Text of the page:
Riverside Park South - Thomas Balsley Associates
|Project Brief:||Thomas Balsley Associates designed this extension of Riverside Park in Manhattan.|
|Team / Role:||As an intern as Thomas Balsley Associates, I worked as part of the project team to create construction documents and presentation drawings; I also worked on the design of a large donut-shaped "solstice bench."|
A new 29-acre park along the Hudson.
The following project description is from Thomas Balsley Associates' website. For more information on this project, please visit their website, here.
Riverside South is a new residential community along Riverside Drive South from 59th Street to 72nd Street. The Park is the last link in the continuous riverfront promenade connection from Battery Park to 125th Street.
In 1991, Thomas Balsley Associates was asked to lead the master planning design effort for the project's 29-acre waterfront park along the Hudson as well as its streetscape. This coordinated design effort involved urban design, environmental considerations and highway relocation. It required a creative, yet efficient, design approach that was responsive to intractable U.L.U.R.P. timetables, as well as agency comments, community participation, and client objectives. Designs were carefully developed in presentation format suitable for public viewing and were then transformed into CAD documents for final submissions. Numerous meetings and presentations with community groups and public agencies were conducted prior to and during the U.L.U.R.P. phase so that the design reflected the community's needs. Park design guidelines, cost estimates and phasing were included in the final report.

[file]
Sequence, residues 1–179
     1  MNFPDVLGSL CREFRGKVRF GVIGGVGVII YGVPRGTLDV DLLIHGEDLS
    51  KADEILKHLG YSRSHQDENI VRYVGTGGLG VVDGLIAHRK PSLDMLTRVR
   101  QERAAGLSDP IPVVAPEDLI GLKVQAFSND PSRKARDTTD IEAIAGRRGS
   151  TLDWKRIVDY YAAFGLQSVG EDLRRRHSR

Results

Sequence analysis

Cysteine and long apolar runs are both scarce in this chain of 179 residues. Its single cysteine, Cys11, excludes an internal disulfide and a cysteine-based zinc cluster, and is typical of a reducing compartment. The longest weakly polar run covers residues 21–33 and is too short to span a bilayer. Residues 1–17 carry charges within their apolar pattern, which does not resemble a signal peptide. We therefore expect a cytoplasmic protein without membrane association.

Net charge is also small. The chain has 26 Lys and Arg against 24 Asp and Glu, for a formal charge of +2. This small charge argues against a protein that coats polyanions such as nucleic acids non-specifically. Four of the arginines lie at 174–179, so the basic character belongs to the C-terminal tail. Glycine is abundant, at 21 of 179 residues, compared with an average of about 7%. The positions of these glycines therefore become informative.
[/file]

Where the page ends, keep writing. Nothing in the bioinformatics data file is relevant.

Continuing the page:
The park design strives to transform this piece of the Hudson River shoreline into a waterfront park unique to Manhattan — proud and expressive of its industrial and transportation heritage, yet ecologically sensitive to its river edge environment. The bold plan to relocate the existing Miller Highway beneath the proposed Riverside Drive South extension provided a truly unique opportunity for city residents to walk directly to the park and river without obstruction. As extensions of each street corridor, park entrance foyers are enriched with sculpture park portals or pavilions and offer accessible street level seating areas with dramatic views. The 40-foot grade change from the street is carefully sloped into a dramatic decent to the river using natural walkways, terraced overlooks, stairways and an elevator at the 70th Street cafe entrance. Esplanades, broadwalks, marsh grasses, piers and intimate coves provide a variety of water edge experiences. The pathways move through tidal grasses and coves and past stabilized gantry towers and piers, which have been preserved as visual benchmarks of the site's industrial past. This diverse landscape has been woven together into a compelling park environment that draws upon the tradition of Olmsted's Riverside Park to the north and heralds a new future for city waterfront parks.